How to Alter the Neck Lines on a Sweater

by Shae Hazelton ; Updated September 28, 2017

An altered neckline can give an attractive sweater an updated appearance.

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Altering the neckline of a garment alters the appearance in a drastic way. This affects not only the overall look of the garment but how well it displays your features. Most alterations take away from the shirt instead of adding onto it, but both are possible with enough planning and sewing knowledge. Adding onto the shirt is particularly difficult because you still want it to look like a cohesive garment instead of a shirt with a poorly added collar. Practice your alteration technique on some shirts you aren't fond of before you attempt to alter your favorite garment.

Adding to the Collar

Measure the size of the neck on your sweater. Cut a piece of elastic material close to the original material of your sweater.

Lay the square of fabric on a flat surface. Cut it to twice the length of your throat. Cut the fabric in half.

Fold over a 1/4 inch long piece of the fabric on both the top and bottom (the sides that are twice as tall as your throat). Sew it in place to form a seam.

Turn your sweater inside out and lay it on a flat surface. Place one piece of your fabric along the front neck line on your sweater. Pin the fabric in place and position the second piece of fabric in a similar fashion on the back neckline.

Sew the new pieces of fabric into place on the existing neckline. Sew the edges of both pieces together as well, leaving one long tube of fabric sticking up above your existing neckline.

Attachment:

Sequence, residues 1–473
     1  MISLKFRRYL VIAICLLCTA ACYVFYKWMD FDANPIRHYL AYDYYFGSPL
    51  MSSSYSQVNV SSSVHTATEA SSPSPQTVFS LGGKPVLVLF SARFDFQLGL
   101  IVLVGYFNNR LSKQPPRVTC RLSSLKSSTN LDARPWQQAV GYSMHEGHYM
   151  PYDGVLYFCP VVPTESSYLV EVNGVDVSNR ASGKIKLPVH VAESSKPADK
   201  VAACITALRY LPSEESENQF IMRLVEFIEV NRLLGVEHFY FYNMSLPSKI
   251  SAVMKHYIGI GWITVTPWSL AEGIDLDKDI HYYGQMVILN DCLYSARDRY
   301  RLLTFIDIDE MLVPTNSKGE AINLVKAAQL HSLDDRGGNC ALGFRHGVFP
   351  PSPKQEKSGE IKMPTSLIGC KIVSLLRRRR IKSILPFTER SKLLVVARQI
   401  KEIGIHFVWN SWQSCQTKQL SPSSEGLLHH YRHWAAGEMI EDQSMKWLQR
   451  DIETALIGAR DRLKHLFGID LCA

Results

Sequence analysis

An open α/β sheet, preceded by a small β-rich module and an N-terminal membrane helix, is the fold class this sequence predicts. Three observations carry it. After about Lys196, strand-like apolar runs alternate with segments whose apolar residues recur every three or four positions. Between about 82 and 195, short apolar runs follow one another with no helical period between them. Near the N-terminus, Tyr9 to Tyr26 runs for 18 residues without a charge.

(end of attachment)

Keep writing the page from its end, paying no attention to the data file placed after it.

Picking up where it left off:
Put on the altered sweater. The neck is very long, so fold it over once to make it into a neck-hugging turtle neck. The folded over fabric obscures the original neckline, making the turtle neck seem more natural and suiting.

Diminishing the Collar

Turn your shirt inside out. Draw a new neckline onto the front and the back of the shirt with a chalk pencil that is 1-inch above where you want the neckline to end. The pencil marks clean off easily in the washing machine.

Rip out the seam on the shirt that runs along the neck. Remove the excess piece of fabric from around the collar of the neck. Separate the seams on the shoulders as well to make the hole for the neck larger, ending the seam ripping 1-inch below the chalk line on either side.

Cut the fabric on the sweater along the chalk line. Remove the excess fabric once you finish. Measure the length of the sweater neck along the new front and back line.

Cut a length of slightly elastic fabric to the size of the neckline on both the front and the back of the sweater. The fabric lines should be at 2 1/2 inches wide. The slight elasticity will keep the shirt from stretching out and warping easily.

Fold the ends of the fabric strips over to make a seam on either side. The fold should be 1/4 of an inch on either side. Sew the lines in place to keep the fabric from unraveling.

Place the lines of fabric along the front and back lines of the shirt’s new collar. Position them so their seams touch the shirt instead of facing outward. Place it so it lines up with the top edge of the shirt on the front and the back of the neckline you cut.

Fold 1 inch of the shirts neck back towards you. This makes it so 1 inch of the new fabric piece is visible on the front of the sweater while 1 inch is visible on the back of the sweater. Sew along the bottom edge of the fabric line, securing it in place as a new, smooth neckline for the sweater.

Sew the shoulder seams together again so you have a strong, cohesive neckline. Turn the shirt right side out. The neckline should be adjusted as low as you want it with a neat string of fabric going across the collar.

Tip

  • Model the sweater before you decide to cut it. Once you have it on, determine where you want to make the cuts or additions. Otherwise, it may not fit properly when you finish.

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About the Author

Shae Hazelton is a professional writer whose articles are published on various websites. Her topics of expertise include art history, auto repair, computer science, journalism, home economics, woodworking, financial management, medical pathology and creative crafts. Hazelton is working on her own novel and comic strip while she works as a part-time writer and full time Medical Coding student.